The origin of the Dogo Canario dog breed is, as its name suggests, in the Canary Islands, specifically in the islands of Tenerife and Gran Canaria, especially in the latter where it has become a symbol. It is a relatively young breed, in fact it dates back to around 1800 when the English Mastiff, which arrived in the archipelago at the beginning of the century, and the Bardino Majorero, which is now almost extinct, were crossed. The aim of the selection was to create a fighting dog, a sport which was very fashionable at that time. With the prohibition of dog fighting, this breed experienced a halt to its spread and almost risked extinction, but for some decades now it has been flourishing again, although there are not very many examples.
Its origins, or rather the origin of the majoreros, which is the direct ancestor of the dogo, dates back to the 1300s, in pre-Hispanic times, where these dogs were used as shepherd dogs. Only later was it thought to crossbreed them with molossoid dogs such as the Mastiffs and Bulldogs and Bull Terriers.
In the last century it was used extensively for guarding flocks of sheep and cattle, accompanying and protecting the herds. This breed used to be on the list of dangerous dog breeds, and was removed from the list in 2009, although it is still illegal in some countries to keep this breed of dog.
It is also a valuable watchdog and defence dog.
Character of the Dogo Canario dog breed
The Dogo Canario, despite its reputation as a dog-fighting dog, is not an aggressive or vicious dog. Instead, it is a well-balanced dog that knows how to handle itself and is also an excellent companion for the whole family. Obviously, it is a dog that, given its size, needs to be raised responsibly and by an owner with a firm hand. It is therefore not suitable for first-time dog owners. Early socialisation will get it used to having a good character, both with other animals and with people.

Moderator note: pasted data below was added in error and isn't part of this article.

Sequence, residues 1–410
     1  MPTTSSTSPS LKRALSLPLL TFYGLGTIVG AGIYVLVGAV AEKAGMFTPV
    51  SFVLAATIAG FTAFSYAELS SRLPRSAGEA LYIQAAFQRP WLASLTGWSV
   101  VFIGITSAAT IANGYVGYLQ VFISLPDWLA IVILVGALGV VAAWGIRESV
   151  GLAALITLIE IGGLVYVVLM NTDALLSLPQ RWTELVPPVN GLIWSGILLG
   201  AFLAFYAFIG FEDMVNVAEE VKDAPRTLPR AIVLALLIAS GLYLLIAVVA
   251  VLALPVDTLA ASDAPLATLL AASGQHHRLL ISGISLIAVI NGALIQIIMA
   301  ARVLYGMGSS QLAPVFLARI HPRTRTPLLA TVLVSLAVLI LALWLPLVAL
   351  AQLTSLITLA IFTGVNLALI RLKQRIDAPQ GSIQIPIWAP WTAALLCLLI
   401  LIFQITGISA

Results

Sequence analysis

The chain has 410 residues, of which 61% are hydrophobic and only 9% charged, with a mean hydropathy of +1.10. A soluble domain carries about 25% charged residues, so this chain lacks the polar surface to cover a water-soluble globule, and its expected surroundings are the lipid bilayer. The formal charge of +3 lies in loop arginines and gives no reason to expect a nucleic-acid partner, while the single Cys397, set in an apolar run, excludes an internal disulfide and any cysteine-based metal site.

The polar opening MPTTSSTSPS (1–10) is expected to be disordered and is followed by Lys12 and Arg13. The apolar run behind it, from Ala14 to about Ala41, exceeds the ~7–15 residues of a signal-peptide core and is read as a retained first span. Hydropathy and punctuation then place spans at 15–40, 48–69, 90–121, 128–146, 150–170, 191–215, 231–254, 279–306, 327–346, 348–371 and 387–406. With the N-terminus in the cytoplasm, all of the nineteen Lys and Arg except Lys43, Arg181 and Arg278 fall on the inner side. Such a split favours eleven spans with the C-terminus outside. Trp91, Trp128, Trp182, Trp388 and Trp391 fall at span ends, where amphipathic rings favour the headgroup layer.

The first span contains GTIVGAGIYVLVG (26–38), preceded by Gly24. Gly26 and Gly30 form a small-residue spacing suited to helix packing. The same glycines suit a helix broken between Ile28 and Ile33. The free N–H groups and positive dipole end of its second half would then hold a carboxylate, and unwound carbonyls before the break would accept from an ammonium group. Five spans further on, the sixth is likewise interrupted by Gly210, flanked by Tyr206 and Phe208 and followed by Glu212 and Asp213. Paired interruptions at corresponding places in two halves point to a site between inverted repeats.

However, it is very wary of strangers and does not always get on well with other dogs. It can be said that he has his own preferences, so initially he tends to keep to himself, but once the ice is broken, he is quite sociable.
It has a very close relationship with its owner, it becomes very attached and tends to follow him everywhere, however it also becomes attached to the other members of the family and especially with children has a strong instinct of protection. It likes to play, but even more so it tends to protect them from a distance as it does not like confusion.
It does not adapt very well to living in a flat, as it loves being outdoors, the ideal for the dogo canario is a house with a large garden and it needs to take long walks and be active. As already mentioned, it is an excellent guard dog, it rarely barks, but when it does it is for a good reason, so it is a good alarm for the house.
It is a sometimes lively dog, but never too exuberant, it is very proud and self-confident, it shows its moods and intentions clearly, and any duplicity is alien to it.